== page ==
Dramatic improvements in beam quality now enable users to focus laser light to a small point, and this revealed DDLs as rapidly evolving tools for processing metal, plastic and composite materials. In applications like laser welding, which require high precision and deep penetration, DDLs can now compete with fibre lasers. While DDLs directly convert electricity to laser light, fibre lasers are based on rare-earth metal doped optical fibres, which must be optically pumped (energy input) via laser diodes or diode bars. The unit price of a DDL is significantly lower than a fibre laser for CW output power up to 1 kW. In 2018, the typical unit prices were $20,000 for a 1 kW HPDDL and $25,000 for a 1 kW fibre laser, as quoted by key player companies interviewed by IDTechEx. The difference in price between DDLs and fibre lasers is larger at sub-kilowatt output power. Additionally, the wavelengths offered by DDLs are different to fibre lasers, which means that DDLs can process materials with matching absorption spectra more efficiently.

Consequently, DDLs and HPDDLs are emerging as major global trends in industrial manufacturing. In order to enhance their position in high-growth DDL/HPDDL markets, key player companies are making strategic acquisitions and investing into production capacity expansion. For example, Panasonic (Japan) acquired the laser company TeraDiode (USA) for its expertise in HPDDLs that generate high-quality beams via a patented optical process. Overall, the technology advances outlined above provide excellent business growth opportunities. IDTechEx forecast the global market for laser diodes and direct diode lasers to reach a size of $14 billion by 2029, where direct diode lasers account for $2 billion.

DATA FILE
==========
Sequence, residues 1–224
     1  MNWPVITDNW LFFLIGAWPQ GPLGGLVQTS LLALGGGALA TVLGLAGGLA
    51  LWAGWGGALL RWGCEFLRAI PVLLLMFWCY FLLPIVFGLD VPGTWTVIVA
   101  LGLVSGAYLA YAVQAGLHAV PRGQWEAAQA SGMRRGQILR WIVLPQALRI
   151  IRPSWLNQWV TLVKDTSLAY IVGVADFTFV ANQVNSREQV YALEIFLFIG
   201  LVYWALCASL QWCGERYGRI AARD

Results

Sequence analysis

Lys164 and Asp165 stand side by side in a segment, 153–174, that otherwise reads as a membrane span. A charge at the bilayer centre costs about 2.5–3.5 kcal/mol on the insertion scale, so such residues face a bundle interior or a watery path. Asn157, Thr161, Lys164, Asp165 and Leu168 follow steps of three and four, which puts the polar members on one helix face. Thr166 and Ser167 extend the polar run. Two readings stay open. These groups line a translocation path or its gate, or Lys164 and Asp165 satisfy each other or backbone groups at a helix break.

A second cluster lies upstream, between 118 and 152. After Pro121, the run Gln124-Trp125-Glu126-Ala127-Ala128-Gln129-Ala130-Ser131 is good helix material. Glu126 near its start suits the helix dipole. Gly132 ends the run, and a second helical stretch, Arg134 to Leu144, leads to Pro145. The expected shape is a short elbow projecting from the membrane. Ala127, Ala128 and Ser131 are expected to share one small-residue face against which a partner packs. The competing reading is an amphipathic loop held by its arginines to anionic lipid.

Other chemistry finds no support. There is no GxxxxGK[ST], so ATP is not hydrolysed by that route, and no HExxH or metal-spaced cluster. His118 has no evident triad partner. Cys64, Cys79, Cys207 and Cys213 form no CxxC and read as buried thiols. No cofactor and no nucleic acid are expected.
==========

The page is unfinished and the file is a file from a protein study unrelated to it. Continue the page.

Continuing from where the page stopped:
Welding and 3D printing copper with bright blue diode lasers

A particularly important trend is the development of blue direct diode lasers for applications like welding and 3D printing copper, with Laserline launching a 1 kW product in 2019. Blue laser light is faster and more efficient at processing metals that are poor absorbers of the 1 micron infrared radiation produced by most industrial laser systems. In 2018, Shimadzu (Japan) commercialised the BLUE IMPACT diode laser, which produces 100 W of power at high brightness. This product was developed in collaboration with Osaka University (Japan) as part of a Japanese national project. The BLUE IMPACT laser combines many gallium nitride (GaN) blue laser diodes by Nichia (Japan), which doubled in efficiency and increased by an order of magnitude in output power since 2006. A key application of Shimadzu’s 450 nm blue diode laser is in 3D printing copper.

High absorption of blue laser light by copper enables a fast process with reduced back reflections, which are serious challenges for conventional infrared lasers. The newly developed 3D printer can efficiently print objects using pure copper powder. Existing 3D printer technologies typically use copper alloys like CuCr1Zr instead of pure copper. IDTechEx Research expects rapid adoption of blue DDLs in copper processing from 2019 onwards as more products are commercialised.

This topic is discussed further in the IDTechEx Research report, which evaluates the advantages and challenges associated with laser technology adoption to provide a balanced outlook on market opportunities. The report can be found on the IDTechEx website.

Image credit: ©stock.adobe.com/au/Digishooter

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Originally published here.